Foreword by Carlos P Romulo
Written as a preface to Larry Henares’ book, With Fervor Burning,
January 26, 1965
Some people concentrate on one special field and become successful after a lifetime of hard work. Hilarion M. Henares, Jr., can be said to have been leaping from crag to crag and from peak to peak in many different fields, and has achieved success in each of them incredible for a man of his tender years.
He obtained his training at the Massachusetts Institute of Technology where he distinguished himself with a high scholastic record. At the age of 25 he was the youngest Dean of a private graduate school. Before thirty he was the head of an industrial complex making 56 different products and was subsequently elected president of the Philippine Chamber of Industries. He made one movie and it won the coveted award of “the best documentary film of the year.” He and his family also received the distinction of having been chosen as the year’s exemplary family.
Henares rightly deserves what Dr. Lilian Gilbreth said of him: “the father of Management Revolution in the Philippines.”
Henares is a writer, and may be considered one of our liberal intellectuals. His passion for nationalism and the widening of the forces and benefits of democracy to improve the lot of our masses, he has made the controlling principle in his official acts.
Henares’ confident faith in our people’s capacity to rise and fulfill the expectations of Dr. Jose Rizal, if embodied in a political action can, with the support and gathering of a mass movement, inexorably usher him in the center of the historical process.
It is often said that the twentieth century is the century of revolutions. But most importantly, the 1960’s saw a new kind of leadership asserted, such as that of President Kennedy in the American scene and Prime Minister Wilson in England.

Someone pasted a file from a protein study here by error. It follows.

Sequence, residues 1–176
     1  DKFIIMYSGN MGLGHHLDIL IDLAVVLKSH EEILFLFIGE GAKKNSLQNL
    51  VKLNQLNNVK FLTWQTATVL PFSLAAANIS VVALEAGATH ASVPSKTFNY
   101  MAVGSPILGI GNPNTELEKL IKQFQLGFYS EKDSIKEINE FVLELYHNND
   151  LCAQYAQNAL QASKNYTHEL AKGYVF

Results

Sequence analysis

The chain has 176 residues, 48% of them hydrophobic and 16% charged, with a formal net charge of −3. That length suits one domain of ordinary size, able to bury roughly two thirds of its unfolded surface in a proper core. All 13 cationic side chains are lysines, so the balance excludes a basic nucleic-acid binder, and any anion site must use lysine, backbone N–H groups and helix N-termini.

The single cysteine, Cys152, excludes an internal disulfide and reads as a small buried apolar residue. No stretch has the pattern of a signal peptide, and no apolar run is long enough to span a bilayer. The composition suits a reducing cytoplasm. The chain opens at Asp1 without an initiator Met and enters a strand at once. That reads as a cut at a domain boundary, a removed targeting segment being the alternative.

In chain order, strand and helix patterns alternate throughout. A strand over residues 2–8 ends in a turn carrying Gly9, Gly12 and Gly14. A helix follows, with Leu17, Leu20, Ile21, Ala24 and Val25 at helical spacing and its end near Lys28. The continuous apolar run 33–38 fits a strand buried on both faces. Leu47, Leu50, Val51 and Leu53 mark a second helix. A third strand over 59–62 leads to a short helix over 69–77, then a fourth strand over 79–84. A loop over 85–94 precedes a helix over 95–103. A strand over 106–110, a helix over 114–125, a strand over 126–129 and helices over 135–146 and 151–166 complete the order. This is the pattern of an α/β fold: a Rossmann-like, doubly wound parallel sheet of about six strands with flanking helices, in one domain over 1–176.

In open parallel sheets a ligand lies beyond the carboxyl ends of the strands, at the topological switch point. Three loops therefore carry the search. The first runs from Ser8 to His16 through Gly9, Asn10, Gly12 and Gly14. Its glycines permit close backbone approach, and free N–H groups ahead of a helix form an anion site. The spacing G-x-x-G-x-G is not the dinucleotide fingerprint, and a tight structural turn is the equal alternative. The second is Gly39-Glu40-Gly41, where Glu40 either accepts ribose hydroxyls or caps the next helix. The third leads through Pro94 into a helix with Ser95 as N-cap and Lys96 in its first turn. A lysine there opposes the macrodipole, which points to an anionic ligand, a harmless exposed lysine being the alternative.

The Old Order is passing from the scene and we are witnessing a general intellectual and social ferment the implications of which are likely to re-shape our institutions, our concept of values, the structures of our economic and social life.
This slim volume clearly indicates the tone and magnitude of Henares’ basic philosophy and ideas. Whether it be in economics, or in his more intense moments, in matters affecting the dilemma of man himself in this mechanized world, Henares displays a passion for truth and an intelligence capable of assimilating seemingly disparate aspects of culture and presenting them in the coherence of a solid logical structure.
In the manner of the celebrated dramatist, Eugene Ionesco, Henares does not stop asking questions, a supreme quality which is characteristic of an engaging and living mind. And in the questions he asks, we are able to perceive a glimmer of the significance of the human effort in our own society and time. This, I believe, is what makes for the cogency and importance of the present volume.
Carlos P. Romulo
President, University of the Philippines